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Insane Record: Meet the Man Who Just Completed 102 Consecutive IRONMAN Triathlons

The adventurer's latest feat is a new hallmark in human endurance.

a man riding a road bikeOne IRONMAN-length triathlon is an athletic accomplishment — 102 in a row is just bonkers; (photo/Shutterstock)
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Sean Conway is no stranger to adventure. The former freelance photographer has been logging huge accomplishments in swimming, running, and cycling disciplines since 2012. But, his most recent feat might take the cake.

The UK resident just completed 102 IRONMAN-length triathlons. Daily. In a row.

Yeah — go back and read that again.

That’s a 2.4-mile swim, a 112-mile bike ride, and a 26-mile run — every day for 102 days. The effort served as a fundraiser for the True Venture Foundation, a nonprofit that supports youth sports clubs in the U.K. American James Lawe\rence set the previous record at 101 consecutive days in 2021. According to the plethora of Instagram posts Conway made along the way, he was eating up to 8,000 calories per day to fuel his runs, swims, and bike rides.

Conway completed the series of grueling IRONMAN events today at the Mold Leisure Center in Mold, Wales. A crowd was on hand to congratulate the unmistakably red-bearded athlete as he took his final steps. Mold’s Mayor, Teresa Carberry, was also present.

“This has been by far the hardest thing I’ve ever done. It’ll be hard to top this,” Conway said in an Instagram post written shortly after he completed his final triathlon. “Thanks to all the riders and runners who selflessly took time out to do the same lapped course every day in the sodding rain at times. We’ll be friends for life.

A History of Distance

Conway was born and raised in Zimbabwe and emigrated to the U.K. in 2002. By 2012, he was participating in his first long-distance adventure — cycling 16,000 miles around the world. In the following years, he racked up an impressive list of accomplishments: swimming the length of Great Britain, a triathlon circumnavigation of mainland Britain, and an unsupported 4,000-mile, 24-day bike ride across Europe, just to name a few.

In 2022, an injury sidelined Conway on his first attempt at the 102 consecutive Ironmans.

“I really struggled with this injury and the long-term impact on my athleticism. However, I managed to turn it around and the drive and motivation to get stronger and fitter was like nothing I’ve ever experienced,” Conway wrote on his website. “Getting knocked down seems to be a huge motivator for me.”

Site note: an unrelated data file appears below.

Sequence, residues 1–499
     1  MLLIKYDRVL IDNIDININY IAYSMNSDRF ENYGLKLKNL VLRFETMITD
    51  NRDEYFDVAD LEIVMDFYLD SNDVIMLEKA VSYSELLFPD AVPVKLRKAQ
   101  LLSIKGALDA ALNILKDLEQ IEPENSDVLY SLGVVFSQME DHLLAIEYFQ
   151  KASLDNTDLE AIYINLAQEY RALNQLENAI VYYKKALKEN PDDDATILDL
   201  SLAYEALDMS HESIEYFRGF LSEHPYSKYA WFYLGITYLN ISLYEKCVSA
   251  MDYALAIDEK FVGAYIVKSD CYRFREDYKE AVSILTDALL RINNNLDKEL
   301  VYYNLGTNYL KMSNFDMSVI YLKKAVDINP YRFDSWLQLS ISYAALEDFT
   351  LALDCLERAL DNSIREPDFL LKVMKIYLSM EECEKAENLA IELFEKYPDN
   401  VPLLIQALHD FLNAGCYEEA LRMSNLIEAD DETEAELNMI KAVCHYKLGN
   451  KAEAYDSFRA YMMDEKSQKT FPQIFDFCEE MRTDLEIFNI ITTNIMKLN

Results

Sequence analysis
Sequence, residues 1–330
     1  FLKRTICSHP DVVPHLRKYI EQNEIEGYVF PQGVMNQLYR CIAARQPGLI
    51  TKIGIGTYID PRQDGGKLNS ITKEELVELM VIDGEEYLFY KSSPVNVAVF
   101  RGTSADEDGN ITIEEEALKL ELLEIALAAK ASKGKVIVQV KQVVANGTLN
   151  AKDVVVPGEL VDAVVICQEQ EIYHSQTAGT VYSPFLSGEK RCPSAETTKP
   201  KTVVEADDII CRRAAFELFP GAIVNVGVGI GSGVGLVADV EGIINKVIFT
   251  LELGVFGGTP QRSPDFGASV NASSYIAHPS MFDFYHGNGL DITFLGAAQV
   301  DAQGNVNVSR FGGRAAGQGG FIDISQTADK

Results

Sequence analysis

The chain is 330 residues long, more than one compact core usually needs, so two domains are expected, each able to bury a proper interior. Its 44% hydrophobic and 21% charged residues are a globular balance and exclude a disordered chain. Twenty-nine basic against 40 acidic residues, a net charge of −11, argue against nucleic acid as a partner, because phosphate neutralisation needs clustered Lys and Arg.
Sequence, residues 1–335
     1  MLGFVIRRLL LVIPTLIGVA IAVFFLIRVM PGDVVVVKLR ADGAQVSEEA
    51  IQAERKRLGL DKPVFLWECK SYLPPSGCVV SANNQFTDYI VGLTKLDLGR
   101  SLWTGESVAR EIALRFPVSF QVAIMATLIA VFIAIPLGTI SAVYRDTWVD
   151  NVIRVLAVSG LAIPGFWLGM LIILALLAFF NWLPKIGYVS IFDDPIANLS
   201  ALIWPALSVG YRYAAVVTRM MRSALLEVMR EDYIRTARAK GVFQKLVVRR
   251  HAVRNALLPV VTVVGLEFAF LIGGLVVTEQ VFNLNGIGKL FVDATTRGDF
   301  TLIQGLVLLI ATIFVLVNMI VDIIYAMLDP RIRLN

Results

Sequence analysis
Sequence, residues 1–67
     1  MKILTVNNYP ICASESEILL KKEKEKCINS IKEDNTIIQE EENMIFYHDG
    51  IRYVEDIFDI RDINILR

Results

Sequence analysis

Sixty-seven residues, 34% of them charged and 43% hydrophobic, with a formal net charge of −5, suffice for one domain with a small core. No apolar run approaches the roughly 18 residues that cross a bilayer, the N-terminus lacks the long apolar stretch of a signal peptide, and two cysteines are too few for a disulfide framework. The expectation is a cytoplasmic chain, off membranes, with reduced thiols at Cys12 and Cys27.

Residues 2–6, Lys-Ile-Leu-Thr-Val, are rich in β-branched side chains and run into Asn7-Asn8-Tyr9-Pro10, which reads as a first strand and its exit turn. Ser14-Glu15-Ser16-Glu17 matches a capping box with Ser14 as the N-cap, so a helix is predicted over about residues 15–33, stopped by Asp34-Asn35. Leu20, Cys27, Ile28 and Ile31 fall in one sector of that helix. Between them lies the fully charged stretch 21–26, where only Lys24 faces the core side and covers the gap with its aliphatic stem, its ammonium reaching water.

Apparently so. Earlier this year, Conway got to work again, and this time he stayed healthy — though understandably fatigued.

“My days are mostly identical. I wake up at the same time, with fairly similar times on [sic] all three disciplines, and I eat almost the exact same thing every day. Yet some days I feel like a badger’s arse, and others I feel awesome,” he posted to his social media on day 94.

In gratitude for his health, he dedicated several of the last 102 days to personal heroes and folks who inspired him (including Lawrence, the previous record holder).

And speaking of inspiration, one of the ways Conway raised money for the True Venture Foundation was to charge runners, swimmers, and cyclists a small fee to join him in his daily efforts. The plan killed two birds with one stone. It collected cash for a good cause and served to inspire Conway with friendly banter as he pounded the pavement.

“We had a public pool session which was amazing except for the fact I had the fastest swimmer next to me making me look like I was going backwards [sic]. It’s incredible to watch good swimmers though, and I’m certainly going to work hard after this to get better,” Conway shared on day 93.

“The ride was good with the biggest mid-week crowd I think. Some of the regulars and a few new faces. I did the perfect time, and felt good going into the run. We had a big crowd again for the run, and again it rained a lot but it wasn’t too cold. Everyone was in good spirits and the banter was high. We landed up having the most number of full marathon finishers today with 8 people. One of them, Alex [did] his first marathon ever. All in all a much better day than yesterday — even though my legs still hurt a lot,” he continued.

Sean Conway: Looking Forward

So, 102 IRONMAN-length triathlons would be enough to keep most of us on the couch for, oh, maybe the next decade or so? But if Conway’s history is any indication, he won’t stay still for long. The “dreams” section of his website lists a host of bonkers-sounding prospective adventures — running the length of Africa and completing an “extreme cold water, snowy Ironman triathlon” are just two of them.

So, watch this space. We haven’t heard the last of this wild man.

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